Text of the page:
Let’s be honest, 2012 was no 1961, but there have been comparisons made: A rough start led to reduced yields and a balmy recovery concentrated juice to produce some truly remarkable Pinot Noirs in the Côte-de-Nuits. Apart from the southern part of Nuits-Saint-Georges the Côte de Nuits survived the hailstorms relatively unscathed, and the wines from Premier and Grand Crus are, by some, considered superior to any recent vintage, including 2010, 2009 and 2005.
Prior to taking over the family estate in 1989, Dominique Gallois studied catering in Paris and ran his own restaurant for six years. When he returned to Burgundy, the domain consisted of six acres in Gevrey-Chambertin which his father had managed for forty years, selling the grapes to négociants. Dominique began to renovate the property and in 1989 (after purchasing additional acreage in Combe aux Moines, Petits Cazetiers and Goulots), he began to bottle his own product, looking first to private customers to build a reputation.
Recognizing that he works in terroir that is the envy of the world, Dominique takes special care to tend to the domain by hand, without pesticides or herbicides. Says Gallois, “Our year is quite full; winter months are dedicated to vine maintenance and Guyot-style pruning. During spring and summer, several tasks are performed allowing yields to be controlled and managing the healthiness of the future grapes. Harvesting is manual—we count on a small, faithful team to carry out the first sorting on the vine. Thereafter, grapes pass over a sorting table where bunches are inspected so as to conserve only the best fruit.”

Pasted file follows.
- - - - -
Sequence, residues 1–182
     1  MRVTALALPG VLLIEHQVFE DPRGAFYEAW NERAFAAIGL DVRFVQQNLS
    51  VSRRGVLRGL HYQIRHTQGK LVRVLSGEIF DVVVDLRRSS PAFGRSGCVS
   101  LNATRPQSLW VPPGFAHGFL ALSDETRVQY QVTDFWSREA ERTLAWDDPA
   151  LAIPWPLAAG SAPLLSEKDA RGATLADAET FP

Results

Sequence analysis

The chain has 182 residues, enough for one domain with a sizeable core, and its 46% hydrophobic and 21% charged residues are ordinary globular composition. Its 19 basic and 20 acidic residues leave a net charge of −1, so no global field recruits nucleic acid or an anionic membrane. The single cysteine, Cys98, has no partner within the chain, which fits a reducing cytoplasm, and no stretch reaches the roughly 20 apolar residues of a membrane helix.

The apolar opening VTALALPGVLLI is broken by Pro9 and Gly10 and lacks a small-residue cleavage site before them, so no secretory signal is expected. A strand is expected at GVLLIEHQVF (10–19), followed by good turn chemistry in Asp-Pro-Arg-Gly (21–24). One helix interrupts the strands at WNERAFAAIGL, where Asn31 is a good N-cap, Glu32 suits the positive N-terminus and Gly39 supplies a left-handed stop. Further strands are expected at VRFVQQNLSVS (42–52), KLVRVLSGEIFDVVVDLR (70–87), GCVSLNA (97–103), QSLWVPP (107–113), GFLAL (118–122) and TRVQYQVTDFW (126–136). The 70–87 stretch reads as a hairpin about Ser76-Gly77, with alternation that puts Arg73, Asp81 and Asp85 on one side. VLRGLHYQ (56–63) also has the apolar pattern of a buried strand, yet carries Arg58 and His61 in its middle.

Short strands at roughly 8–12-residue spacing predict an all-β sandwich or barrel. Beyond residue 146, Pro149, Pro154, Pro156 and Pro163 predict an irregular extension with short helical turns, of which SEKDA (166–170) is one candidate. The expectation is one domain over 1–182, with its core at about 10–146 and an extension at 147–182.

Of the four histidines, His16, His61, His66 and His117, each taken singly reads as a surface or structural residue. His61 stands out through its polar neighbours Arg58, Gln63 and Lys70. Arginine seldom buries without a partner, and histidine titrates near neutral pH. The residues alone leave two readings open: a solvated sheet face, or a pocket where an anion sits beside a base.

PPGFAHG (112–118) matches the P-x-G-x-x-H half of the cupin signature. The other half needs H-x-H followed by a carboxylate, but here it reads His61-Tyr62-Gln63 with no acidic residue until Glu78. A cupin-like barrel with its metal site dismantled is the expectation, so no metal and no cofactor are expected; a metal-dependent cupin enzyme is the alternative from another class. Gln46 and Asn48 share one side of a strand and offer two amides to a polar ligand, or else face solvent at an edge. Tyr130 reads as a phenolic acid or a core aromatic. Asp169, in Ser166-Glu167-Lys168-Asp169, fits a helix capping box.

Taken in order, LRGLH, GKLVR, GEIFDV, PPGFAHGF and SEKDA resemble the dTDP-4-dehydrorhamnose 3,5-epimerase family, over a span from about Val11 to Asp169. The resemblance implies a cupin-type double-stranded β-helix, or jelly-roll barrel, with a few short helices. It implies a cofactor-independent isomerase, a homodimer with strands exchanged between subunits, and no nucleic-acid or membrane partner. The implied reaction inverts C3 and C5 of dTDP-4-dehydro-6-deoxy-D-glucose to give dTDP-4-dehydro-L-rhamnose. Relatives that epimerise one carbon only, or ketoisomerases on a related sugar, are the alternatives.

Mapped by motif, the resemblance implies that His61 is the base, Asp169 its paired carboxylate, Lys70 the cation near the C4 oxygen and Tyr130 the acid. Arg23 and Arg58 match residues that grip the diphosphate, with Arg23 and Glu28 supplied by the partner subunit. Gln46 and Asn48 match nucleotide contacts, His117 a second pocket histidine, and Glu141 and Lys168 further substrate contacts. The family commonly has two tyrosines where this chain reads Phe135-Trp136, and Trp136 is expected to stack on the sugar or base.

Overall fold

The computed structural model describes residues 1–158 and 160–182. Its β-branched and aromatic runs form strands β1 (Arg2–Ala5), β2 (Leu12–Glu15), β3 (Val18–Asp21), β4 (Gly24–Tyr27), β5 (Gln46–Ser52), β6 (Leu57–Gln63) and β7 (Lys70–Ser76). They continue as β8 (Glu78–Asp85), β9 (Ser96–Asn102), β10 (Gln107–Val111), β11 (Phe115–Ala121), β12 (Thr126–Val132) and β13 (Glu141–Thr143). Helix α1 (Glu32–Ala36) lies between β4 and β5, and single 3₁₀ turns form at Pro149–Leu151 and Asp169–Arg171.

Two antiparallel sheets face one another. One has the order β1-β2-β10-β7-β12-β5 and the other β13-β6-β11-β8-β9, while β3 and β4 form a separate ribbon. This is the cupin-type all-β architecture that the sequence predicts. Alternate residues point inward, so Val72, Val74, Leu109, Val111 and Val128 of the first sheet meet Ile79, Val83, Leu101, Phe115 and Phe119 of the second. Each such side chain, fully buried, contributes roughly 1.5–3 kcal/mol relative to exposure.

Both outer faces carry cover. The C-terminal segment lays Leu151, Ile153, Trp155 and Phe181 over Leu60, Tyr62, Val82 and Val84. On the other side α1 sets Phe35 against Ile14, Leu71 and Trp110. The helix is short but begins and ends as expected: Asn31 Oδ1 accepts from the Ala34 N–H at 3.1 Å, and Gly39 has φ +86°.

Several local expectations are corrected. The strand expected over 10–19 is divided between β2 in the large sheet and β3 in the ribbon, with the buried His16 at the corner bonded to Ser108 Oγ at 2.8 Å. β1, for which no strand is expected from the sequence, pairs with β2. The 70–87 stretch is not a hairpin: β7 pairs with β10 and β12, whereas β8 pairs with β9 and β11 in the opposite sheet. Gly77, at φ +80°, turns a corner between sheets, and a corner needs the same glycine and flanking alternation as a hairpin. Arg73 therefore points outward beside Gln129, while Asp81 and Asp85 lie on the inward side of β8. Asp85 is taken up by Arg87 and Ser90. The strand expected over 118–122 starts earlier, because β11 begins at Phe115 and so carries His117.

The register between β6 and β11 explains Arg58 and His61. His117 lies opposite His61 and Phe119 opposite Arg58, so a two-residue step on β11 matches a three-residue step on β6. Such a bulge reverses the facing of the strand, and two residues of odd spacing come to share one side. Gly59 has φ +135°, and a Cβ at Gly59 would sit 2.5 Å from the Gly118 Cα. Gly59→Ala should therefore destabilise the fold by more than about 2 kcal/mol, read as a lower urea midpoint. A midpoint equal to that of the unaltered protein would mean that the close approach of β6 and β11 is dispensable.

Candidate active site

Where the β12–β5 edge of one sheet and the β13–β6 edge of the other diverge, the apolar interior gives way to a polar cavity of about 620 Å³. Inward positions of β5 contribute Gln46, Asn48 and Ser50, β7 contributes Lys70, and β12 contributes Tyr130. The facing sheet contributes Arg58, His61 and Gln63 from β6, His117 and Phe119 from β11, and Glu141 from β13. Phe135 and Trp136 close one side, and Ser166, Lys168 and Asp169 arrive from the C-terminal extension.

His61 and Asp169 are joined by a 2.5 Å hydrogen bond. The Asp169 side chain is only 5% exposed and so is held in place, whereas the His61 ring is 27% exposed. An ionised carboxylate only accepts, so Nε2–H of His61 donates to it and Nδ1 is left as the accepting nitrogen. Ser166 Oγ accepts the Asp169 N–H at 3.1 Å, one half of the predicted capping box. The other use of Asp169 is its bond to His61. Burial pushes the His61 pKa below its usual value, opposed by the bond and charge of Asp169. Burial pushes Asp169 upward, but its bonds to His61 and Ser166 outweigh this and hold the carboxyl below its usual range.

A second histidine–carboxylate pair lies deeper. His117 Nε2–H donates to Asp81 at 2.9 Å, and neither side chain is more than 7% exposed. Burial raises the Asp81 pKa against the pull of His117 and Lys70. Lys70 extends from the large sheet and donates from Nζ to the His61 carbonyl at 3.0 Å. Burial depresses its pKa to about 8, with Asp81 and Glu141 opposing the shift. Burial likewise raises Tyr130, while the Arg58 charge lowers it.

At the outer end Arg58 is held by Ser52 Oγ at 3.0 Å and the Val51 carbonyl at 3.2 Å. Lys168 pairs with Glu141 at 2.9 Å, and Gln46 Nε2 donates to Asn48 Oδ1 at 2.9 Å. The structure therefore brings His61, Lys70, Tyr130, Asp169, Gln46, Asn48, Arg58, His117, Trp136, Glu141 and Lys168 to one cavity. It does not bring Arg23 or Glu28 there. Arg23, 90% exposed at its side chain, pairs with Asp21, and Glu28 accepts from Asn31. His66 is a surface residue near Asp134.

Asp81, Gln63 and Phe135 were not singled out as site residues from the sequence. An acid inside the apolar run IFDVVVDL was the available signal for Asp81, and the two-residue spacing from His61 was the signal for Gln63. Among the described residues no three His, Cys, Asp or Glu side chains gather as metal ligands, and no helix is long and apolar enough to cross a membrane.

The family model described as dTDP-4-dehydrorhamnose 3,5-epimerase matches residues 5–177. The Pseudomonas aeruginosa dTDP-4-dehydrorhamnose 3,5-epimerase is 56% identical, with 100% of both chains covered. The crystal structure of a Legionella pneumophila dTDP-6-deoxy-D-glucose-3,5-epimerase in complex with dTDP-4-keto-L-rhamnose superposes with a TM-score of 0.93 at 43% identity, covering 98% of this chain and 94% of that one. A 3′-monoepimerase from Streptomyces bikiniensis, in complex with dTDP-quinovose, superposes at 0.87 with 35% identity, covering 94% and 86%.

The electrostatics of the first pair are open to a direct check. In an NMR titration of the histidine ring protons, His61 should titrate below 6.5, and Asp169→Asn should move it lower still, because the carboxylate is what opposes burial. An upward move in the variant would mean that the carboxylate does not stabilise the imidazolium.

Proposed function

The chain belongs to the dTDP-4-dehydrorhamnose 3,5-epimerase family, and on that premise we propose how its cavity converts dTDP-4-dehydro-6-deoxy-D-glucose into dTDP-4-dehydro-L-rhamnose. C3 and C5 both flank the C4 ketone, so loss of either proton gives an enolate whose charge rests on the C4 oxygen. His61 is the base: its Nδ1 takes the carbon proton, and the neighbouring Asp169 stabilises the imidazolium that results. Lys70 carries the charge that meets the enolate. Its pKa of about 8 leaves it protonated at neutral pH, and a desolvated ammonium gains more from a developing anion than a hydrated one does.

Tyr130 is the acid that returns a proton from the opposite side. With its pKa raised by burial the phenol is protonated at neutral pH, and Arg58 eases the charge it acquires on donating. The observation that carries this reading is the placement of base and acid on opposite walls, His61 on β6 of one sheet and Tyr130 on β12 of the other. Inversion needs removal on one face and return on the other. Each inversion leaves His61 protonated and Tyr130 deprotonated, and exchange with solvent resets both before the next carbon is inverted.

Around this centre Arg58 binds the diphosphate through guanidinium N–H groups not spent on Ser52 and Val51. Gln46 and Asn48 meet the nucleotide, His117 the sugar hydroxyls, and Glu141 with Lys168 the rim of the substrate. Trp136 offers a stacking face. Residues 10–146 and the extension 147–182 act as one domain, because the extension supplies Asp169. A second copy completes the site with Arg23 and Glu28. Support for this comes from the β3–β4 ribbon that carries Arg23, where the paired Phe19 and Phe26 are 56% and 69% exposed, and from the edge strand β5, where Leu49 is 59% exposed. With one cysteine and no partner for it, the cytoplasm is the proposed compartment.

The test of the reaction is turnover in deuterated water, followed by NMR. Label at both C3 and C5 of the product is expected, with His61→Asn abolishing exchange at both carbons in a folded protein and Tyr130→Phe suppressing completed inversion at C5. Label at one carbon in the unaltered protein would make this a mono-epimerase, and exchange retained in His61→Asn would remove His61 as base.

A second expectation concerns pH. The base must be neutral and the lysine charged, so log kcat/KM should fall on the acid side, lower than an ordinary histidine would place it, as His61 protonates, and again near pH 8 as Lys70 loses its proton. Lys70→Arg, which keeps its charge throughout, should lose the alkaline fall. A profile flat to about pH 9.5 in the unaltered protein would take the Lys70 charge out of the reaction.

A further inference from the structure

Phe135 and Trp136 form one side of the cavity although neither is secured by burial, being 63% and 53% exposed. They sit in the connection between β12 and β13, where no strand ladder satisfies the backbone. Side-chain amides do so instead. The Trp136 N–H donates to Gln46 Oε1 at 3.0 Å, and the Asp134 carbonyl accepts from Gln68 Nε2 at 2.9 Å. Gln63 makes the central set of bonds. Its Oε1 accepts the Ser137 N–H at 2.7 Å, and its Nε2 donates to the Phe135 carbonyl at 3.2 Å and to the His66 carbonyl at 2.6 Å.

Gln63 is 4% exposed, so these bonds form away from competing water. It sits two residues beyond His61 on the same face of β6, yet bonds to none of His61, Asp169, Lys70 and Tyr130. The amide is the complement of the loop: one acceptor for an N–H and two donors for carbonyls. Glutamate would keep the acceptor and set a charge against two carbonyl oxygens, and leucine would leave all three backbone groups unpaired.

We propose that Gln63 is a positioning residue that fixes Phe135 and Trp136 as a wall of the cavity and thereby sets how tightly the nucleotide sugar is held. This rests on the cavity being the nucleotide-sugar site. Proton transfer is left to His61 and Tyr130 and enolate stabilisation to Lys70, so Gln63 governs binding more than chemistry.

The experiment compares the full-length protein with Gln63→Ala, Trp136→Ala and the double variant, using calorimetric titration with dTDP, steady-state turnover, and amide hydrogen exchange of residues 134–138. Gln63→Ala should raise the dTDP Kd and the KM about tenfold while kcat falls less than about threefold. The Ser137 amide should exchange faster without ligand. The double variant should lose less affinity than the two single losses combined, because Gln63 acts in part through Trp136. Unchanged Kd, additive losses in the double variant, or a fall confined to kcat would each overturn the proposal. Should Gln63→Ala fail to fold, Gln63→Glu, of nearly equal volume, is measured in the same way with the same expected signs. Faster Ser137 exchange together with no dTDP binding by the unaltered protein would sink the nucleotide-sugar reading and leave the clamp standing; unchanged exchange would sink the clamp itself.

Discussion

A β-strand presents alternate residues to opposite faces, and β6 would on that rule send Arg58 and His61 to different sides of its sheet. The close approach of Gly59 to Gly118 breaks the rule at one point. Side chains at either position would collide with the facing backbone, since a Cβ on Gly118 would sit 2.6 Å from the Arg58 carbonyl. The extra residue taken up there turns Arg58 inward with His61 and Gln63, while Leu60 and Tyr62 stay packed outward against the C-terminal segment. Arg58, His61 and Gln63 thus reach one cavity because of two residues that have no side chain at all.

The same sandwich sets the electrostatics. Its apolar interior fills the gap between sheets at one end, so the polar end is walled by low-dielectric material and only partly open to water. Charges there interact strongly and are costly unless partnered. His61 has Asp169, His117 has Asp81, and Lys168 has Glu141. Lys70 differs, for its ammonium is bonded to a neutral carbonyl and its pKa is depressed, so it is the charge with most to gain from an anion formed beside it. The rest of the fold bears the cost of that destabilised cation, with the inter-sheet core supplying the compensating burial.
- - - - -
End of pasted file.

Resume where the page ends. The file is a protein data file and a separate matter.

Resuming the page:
“The Emperor would drink only Chambertin.” – Louis Constant Wairy, Napoleon’s valet.
As those schooled in Burgundian lore know, during the nineteenth century it became fashionable for villages in the Côte d’Or to adopt double-barreled names, adding a hyphen followed by the name of their most famous vineyard: Thus Chambolle added Musigny and Gevrey added Chambertin.
In minimalism, less may be more, and in wine—especially those with a hyphenated name—more may be less; a village-level Gevrey-Chambertin, for example, does not seek to compete with the quality of ‘Le Chambertin’ itself. But if nothing else, its name reminds you that it comes from a rarefied zip code. And to be sure, the region is hallowed grapeland, graced with the Holy Trinity of terroir—elevation, climate and soil structure. Contained within the appellation are nine Grand Crus and 26 Premier Crus (whose name on the label may be followed by the name of the climat of origin) as well as well as nearly a thousand acres of Villages wine.
Gevrey-Chambertin wines are full-bodied, rich, and meaty in their youth and mature to feature notes of leather, game and underbrush.
Domaine Gallois, 2012 Gevrey-Chambertin Premier Cru La Combe aux Moines ($110)